Fighting began on March 15, 1781. Major-General Greene’s strategy forced the British army to attack across the clearings and a dense woodland. The expertise and skill of the British army drove the American forces from the field. This victory came at a steep price for the British army, however. Nearly one fourth of General Cornwallis’s army was lost during the battle. The Americans lost approximately six percent of their forces.

Preservation and Park Development

Debut of Maryland Monument October 15th 1892. J.W. Fry, Vice President of Guilford Battleground Company, David Shenck, President of Guilford Battleground Company, Miss. Edith Hagan, and Edward Graham Daves.
Debut of Maryland Monument on October 15, 1892. From left: J.W. Fry, Vice President of Guilford Battleground Company, David Shenck, President of Guilford Battleground Company, Edith Hagan, and Edward Graham Daves.


During the late 1800s, efforts to preserve historic sites were often led by individuals and small groups. In the case of Guilford Courthouse, Greensboro resident Judge David Schenck had a strong desire “to redeem the battlefield from oblivion," in his words from a December 1886 diary entry. By that time, the area was an unindustrialized rural landscape. The location of the battlefield, about an hour’s ride from the small town of Greensboro, was largely forgotten to area residents. After purchasing part of the battlefield, Schenck convinced local businessmen to join his cause and established the Guilford Battleground Company (GBC). The GBC prioritized the beautification and ornamentation of the battlefield, a common practice at the time, and the effort succeeded in generating public support for its preservation.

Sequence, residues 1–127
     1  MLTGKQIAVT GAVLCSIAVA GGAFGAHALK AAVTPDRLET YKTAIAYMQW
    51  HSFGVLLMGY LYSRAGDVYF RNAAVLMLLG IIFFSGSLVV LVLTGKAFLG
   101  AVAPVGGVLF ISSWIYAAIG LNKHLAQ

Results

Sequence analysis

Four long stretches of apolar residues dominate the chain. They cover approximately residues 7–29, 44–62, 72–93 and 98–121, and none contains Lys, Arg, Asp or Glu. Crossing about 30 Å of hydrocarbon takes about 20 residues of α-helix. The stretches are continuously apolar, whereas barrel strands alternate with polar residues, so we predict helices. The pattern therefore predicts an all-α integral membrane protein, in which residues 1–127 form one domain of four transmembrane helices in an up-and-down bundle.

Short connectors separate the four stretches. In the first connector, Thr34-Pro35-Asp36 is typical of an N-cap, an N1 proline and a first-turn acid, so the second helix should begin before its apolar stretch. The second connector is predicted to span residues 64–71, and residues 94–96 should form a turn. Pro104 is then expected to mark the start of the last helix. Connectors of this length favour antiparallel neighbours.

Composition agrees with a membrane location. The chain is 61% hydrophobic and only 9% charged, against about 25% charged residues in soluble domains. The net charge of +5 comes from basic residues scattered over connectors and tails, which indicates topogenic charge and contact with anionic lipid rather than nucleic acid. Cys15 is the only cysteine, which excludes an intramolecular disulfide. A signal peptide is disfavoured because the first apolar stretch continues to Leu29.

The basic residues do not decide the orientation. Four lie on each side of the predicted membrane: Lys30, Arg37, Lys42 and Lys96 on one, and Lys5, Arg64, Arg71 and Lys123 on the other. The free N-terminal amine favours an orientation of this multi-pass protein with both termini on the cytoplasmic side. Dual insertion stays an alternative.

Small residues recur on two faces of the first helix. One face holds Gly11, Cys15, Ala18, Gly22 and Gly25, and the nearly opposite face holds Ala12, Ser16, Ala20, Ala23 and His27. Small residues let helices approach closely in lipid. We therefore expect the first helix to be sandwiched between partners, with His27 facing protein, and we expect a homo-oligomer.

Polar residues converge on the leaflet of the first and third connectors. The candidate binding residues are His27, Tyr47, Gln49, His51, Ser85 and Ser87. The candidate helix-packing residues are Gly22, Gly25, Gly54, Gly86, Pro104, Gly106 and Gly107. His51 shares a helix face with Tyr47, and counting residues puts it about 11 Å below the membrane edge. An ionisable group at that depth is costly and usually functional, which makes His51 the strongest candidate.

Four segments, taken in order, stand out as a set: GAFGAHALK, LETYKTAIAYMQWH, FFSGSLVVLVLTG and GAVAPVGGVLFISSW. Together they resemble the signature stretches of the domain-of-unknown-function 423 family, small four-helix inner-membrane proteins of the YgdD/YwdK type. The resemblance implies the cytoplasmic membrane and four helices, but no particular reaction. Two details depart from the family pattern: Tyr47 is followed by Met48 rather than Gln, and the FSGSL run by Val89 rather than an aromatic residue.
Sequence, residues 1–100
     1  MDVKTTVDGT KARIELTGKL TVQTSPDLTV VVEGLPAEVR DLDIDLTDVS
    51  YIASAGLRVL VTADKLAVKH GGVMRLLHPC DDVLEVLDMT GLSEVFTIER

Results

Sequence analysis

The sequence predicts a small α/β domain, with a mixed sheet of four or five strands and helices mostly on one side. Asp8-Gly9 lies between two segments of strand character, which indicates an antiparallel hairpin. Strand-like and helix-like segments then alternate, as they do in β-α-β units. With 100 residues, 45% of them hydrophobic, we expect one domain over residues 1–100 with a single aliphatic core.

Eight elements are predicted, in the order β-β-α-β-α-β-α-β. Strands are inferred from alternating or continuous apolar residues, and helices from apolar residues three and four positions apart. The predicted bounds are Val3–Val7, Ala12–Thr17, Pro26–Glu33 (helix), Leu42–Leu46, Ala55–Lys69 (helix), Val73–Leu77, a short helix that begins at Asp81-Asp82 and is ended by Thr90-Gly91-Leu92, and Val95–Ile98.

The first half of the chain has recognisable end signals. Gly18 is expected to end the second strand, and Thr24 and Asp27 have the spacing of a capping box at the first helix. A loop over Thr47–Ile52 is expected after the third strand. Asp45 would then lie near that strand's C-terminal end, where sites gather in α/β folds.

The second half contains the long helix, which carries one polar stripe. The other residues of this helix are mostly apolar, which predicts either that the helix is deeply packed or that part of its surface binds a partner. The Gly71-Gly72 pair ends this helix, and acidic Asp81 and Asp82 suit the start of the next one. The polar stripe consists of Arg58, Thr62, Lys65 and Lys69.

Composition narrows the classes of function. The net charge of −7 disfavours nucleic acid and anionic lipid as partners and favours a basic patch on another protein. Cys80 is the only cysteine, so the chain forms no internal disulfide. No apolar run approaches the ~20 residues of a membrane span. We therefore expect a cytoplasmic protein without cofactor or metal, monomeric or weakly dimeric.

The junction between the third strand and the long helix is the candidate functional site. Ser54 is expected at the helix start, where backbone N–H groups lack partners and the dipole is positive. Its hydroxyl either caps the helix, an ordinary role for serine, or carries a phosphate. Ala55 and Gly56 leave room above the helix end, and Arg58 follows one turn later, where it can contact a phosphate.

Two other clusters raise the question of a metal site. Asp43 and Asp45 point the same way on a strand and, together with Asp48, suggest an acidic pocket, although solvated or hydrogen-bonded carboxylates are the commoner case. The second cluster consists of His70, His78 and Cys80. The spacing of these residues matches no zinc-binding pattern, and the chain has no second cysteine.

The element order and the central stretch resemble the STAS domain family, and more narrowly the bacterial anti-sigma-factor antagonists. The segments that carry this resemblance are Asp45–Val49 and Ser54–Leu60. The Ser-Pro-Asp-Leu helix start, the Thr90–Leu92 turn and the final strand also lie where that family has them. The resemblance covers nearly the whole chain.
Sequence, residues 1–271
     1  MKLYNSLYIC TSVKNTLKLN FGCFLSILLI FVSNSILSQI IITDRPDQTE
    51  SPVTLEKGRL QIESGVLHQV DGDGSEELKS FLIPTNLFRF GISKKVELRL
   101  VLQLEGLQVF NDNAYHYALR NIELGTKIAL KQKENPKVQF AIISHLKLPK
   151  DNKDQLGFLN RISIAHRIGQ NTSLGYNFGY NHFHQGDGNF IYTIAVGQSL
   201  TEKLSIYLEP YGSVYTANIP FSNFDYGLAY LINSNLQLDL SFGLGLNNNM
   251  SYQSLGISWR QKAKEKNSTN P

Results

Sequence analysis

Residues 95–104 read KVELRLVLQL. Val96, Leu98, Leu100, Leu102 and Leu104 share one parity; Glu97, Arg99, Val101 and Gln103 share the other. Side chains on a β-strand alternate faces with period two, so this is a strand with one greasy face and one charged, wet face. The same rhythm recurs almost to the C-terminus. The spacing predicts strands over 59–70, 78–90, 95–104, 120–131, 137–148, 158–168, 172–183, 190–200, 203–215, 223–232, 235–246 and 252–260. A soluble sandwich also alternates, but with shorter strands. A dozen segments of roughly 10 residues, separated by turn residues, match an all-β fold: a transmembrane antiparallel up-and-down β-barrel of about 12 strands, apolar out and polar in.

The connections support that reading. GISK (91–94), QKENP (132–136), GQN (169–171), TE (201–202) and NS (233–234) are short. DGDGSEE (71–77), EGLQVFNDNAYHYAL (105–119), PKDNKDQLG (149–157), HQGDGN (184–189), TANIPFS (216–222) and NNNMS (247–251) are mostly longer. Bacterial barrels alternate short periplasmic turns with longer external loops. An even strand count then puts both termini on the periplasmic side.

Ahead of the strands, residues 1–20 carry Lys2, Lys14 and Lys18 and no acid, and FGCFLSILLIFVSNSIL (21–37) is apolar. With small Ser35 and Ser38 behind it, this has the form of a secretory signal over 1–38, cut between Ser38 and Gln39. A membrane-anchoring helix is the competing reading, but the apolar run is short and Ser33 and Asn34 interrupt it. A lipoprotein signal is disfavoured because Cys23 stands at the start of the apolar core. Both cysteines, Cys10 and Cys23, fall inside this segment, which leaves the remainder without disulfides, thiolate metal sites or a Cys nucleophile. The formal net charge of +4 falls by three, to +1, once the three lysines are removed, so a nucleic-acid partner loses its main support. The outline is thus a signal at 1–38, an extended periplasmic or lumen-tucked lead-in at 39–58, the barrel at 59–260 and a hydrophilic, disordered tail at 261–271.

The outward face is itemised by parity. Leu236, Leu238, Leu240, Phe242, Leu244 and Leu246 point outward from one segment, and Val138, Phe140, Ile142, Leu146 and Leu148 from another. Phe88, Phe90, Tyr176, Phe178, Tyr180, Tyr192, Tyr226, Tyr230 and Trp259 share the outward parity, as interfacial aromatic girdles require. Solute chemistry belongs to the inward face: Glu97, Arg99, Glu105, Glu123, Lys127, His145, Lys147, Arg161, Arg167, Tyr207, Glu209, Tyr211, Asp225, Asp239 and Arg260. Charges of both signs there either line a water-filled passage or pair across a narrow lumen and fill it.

An Act by the United States Senate and House of Representatives on March 2, 1917 provided for the establishment of Guilford Courthouse National Military Park under the stewardship of the War Department. In the summer of 1933, President Franklin Delano Roosevelt signed Executive Order 6166, thereby transferring all national military parks, including Guilford Courthouse, to the National Park Service.

Today, the National Park Service preserves part of the center section of the American first and second line positions, as well as the left portion of the third line. The courthouse itself was demolished sometime in the mid-1800s. The principle axis and historic Salisbury Road (now New Garden Road) are still in existence. Visitors may travel along the interpretive tour road to see the significant features of the Guilford Courthouse battlefield. Additionally, the park and adjacent landscapes contain numerous walking trails.

Quick Facts

  • Cultural Landscape Type: Historic Site
  • National Register Significance Level: National
  • National Register Significance Criteria: A, D
  • National Historic Landmark
  • Periods of Significance
March 15, 1781: Battle of Guilford Courthouse
1887-1917: Historic Preservation in the Late 19th Century
1933-1942: Park Development Era

Guilford Courthouse National Military Park

Last updated: April 29, 2021